Healing From PTSD: Art And Expression As A Treatment Modality
By: Corrina Horne
Updated August 28, 2020
Medically Reviewed By: Traci Ball, LLC
Therapy is a powerful tool. Never have there been so many incredible healing modalities and mental health specialists available to help work through trauma, identify areas of need, and determine areas of weakness. Although family and friends are an integral part of keeping a healthy mind, they cannot be relied upon to provide the same consistent, detached perspective a therapist can offer. This is particularly important for people who have Post Traumatic Stress Disorder.
How Does Post Traumatic Stress Disorder Work?
Post-Traumatic Stress Disorder (PTSD) is an anxiety or stress disorder derived from a traumatic event or a compounding series of traumas. Your brain processes trauma in unique ways. Not everyone who experiences trauma will go on to develop a trauma-based disorder, but there are some risk factors to consider when determining who is more likely to experience PTSD following trauma. These include a family history of PTSD, existing anxiety or depressive disorders, difficulties with interpersonal relationships, and little to no support in work, familial, or friendly relationships.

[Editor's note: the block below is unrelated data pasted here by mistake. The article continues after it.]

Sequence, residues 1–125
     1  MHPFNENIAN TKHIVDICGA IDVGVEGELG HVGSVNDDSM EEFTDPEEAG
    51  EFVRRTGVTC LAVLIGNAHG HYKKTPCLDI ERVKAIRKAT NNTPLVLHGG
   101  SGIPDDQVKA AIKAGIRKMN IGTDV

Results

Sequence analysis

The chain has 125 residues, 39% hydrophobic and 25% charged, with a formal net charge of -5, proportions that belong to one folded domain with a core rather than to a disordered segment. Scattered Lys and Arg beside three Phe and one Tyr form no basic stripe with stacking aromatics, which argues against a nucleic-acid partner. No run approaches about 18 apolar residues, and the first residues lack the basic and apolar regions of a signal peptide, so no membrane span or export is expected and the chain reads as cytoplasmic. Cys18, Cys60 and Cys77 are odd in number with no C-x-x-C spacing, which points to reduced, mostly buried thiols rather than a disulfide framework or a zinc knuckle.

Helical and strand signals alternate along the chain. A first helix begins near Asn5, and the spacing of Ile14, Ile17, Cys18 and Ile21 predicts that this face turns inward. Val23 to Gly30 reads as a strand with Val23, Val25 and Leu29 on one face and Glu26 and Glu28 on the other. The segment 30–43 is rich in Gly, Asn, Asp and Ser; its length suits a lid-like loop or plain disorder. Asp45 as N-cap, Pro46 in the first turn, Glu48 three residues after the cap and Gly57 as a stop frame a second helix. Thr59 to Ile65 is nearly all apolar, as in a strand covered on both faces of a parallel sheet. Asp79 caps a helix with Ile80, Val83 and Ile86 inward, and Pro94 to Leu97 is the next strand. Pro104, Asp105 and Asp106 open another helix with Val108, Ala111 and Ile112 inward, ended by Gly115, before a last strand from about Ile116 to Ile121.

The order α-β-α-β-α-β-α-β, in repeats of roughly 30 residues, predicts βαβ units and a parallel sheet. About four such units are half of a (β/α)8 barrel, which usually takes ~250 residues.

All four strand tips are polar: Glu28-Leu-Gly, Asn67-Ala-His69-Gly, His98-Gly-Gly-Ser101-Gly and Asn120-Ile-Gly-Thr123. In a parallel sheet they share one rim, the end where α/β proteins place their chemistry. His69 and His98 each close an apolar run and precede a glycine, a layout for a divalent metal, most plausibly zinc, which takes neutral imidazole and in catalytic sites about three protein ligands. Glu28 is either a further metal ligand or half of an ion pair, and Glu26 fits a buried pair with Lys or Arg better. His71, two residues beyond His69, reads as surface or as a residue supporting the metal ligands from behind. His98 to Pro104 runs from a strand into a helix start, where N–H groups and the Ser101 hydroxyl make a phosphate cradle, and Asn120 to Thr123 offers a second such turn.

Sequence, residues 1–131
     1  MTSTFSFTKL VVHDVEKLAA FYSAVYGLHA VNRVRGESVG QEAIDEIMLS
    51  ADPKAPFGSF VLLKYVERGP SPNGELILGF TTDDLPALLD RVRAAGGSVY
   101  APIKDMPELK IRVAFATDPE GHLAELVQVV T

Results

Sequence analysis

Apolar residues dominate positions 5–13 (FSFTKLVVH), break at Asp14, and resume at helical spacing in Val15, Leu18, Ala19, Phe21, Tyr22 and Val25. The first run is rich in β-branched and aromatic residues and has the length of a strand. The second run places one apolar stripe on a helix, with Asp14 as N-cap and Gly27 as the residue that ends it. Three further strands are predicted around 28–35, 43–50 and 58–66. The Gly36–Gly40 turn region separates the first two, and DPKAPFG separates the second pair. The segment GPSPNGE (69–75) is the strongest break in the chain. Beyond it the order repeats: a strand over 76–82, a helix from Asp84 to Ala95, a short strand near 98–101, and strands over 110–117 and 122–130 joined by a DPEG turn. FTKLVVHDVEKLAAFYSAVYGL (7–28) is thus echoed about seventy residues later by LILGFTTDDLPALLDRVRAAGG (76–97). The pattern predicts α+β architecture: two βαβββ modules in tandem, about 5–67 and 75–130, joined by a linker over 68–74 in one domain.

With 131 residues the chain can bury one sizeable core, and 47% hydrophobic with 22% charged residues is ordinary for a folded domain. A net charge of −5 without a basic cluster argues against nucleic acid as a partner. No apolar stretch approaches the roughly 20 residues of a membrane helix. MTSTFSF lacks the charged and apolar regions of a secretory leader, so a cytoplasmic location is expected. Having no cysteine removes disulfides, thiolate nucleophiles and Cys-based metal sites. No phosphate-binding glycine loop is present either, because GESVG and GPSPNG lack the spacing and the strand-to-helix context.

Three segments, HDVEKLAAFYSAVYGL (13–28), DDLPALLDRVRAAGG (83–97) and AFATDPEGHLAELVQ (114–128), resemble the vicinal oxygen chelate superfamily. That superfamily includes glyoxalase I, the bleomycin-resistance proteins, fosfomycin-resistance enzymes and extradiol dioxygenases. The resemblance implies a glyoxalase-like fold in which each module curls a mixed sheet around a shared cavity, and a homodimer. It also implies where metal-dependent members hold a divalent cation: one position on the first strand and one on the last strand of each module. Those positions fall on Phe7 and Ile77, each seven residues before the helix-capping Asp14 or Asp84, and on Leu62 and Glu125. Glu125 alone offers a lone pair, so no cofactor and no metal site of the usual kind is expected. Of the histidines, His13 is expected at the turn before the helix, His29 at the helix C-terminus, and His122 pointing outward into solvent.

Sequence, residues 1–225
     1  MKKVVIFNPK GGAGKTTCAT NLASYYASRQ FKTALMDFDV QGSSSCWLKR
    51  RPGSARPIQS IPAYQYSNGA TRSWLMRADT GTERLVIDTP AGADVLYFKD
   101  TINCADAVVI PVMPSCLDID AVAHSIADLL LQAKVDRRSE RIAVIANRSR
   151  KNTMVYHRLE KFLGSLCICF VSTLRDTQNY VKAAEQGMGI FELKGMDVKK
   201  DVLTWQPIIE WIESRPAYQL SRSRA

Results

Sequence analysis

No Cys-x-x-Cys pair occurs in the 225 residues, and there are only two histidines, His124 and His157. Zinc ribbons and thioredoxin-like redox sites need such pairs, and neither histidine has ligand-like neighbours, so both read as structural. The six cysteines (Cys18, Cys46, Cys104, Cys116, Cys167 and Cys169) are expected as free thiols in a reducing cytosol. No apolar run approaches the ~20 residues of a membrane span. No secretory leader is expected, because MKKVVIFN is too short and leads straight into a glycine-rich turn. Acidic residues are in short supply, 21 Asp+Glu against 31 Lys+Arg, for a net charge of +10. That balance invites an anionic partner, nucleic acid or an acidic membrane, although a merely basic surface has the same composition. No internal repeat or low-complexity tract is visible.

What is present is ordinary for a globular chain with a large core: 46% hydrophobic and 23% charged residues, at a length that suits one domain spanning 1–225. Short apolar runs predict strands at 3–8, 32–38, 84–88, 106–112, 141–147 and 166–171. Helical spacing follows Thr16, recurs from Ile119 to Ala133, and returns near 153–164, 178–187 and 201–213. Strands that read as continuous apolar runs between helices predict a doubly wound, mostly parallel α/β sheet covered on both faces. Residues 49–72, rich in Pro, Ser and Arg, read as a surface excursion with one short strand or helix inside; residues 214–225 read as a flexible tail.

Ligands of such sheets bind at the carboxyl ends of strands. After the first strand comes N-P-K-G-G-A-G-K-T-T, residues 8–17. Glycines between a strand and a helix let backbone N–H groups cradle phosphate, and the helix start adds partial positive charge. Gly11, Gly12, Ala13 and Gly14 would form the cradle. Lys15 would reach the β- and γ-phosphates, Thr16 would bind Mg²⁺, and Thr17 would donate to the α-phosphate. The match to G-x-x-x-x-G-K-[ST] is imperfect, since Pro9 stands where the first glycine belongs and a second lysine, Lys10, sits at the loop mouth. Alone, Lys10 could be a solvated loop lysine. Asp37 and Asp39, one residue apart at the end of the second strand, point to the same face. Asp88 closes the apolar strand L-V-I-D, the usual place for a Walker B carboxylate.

PTSD is an intense condition. The brain essentially forces itself to shut down instead of processing trauma. This means that a person detaches from the source of the trauma without having processed all that happened. Logically going through the events, emotionally tackling the source of trauma, or simply walking through and understanding the event does not take place. All of these are crucial to giving your mind the ability to heal from the effects of trauma. If PTSD is present, and these processes cannot happen, the trauma remains a stubborn sore in your memory and tries to push its way through to the forefront. Flashbacks, nightmares, fears, phobias, and even paranoia are common symptoms.